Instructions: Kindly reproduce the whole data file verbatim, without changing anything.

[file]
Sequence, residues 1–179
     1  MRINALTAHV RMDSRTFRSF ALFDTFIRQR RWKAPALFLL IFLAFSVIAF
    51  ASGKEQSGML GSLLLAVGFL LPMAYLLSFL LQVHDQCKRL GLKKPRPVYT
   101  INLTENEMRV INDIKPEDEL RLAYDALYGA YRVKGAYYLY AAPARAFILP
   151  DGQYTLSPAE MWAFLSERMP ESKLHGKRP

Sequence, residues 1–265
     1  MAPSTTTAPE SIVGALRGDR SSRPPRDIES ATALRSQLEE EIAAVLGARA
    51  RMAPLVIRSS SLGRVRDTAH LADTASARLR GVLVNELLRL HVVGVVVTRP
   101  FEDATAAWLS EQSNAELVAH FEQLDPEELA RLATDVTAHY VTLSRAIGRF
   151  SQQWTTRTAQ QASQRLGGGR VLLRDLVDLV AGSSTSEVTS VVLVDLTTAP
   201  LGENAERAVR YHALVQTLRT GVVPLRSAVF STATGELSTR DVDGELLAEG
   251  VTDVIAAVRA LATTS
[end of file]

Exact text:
Sequence, residues 1–179
     1  MRINALTAHV RMDSRTFRSF ALFDTFIRQR RWKAPALFLL IFLAFSVIAF
    51  ASGKEQSGML GSLLLAVGFL LPMAYLLSFL LQVHDQCKRL GLKKPRPVYT
   101  INLTENEMRV INDIKPEDEL RLAYDALYGA YRVKGAYYLY AAPARAFILP
   151  DGQYTLSPAE MWAFLSERMP ESKLHGKRP

Sequence, residues 1–265
     1  MAPSTTTAPE SIVGALRGDR SSRPPRDIES ATALRSQLEE EIAAVLGARA
    51  RMAPLVIRSS SLGRVRDTAH LADTASARLR GVLVNELLRL HVVGVVVTRP
   101  FEDATAAWLS EQSNAELVAH FEQLDPEELA RLATDVTAHY VTLSRAIGRF
   151  SQQWTTRTAQ QASQRLGGGR VLLRDLVDLV AGSSTSEVTS VVLVDLTTAP
   201  LGENAERAVR YHALVQTLRT GVVPLRSAVF STATGELSTR DVDGELLAEG
   251  VTDVIAAVRA LATTS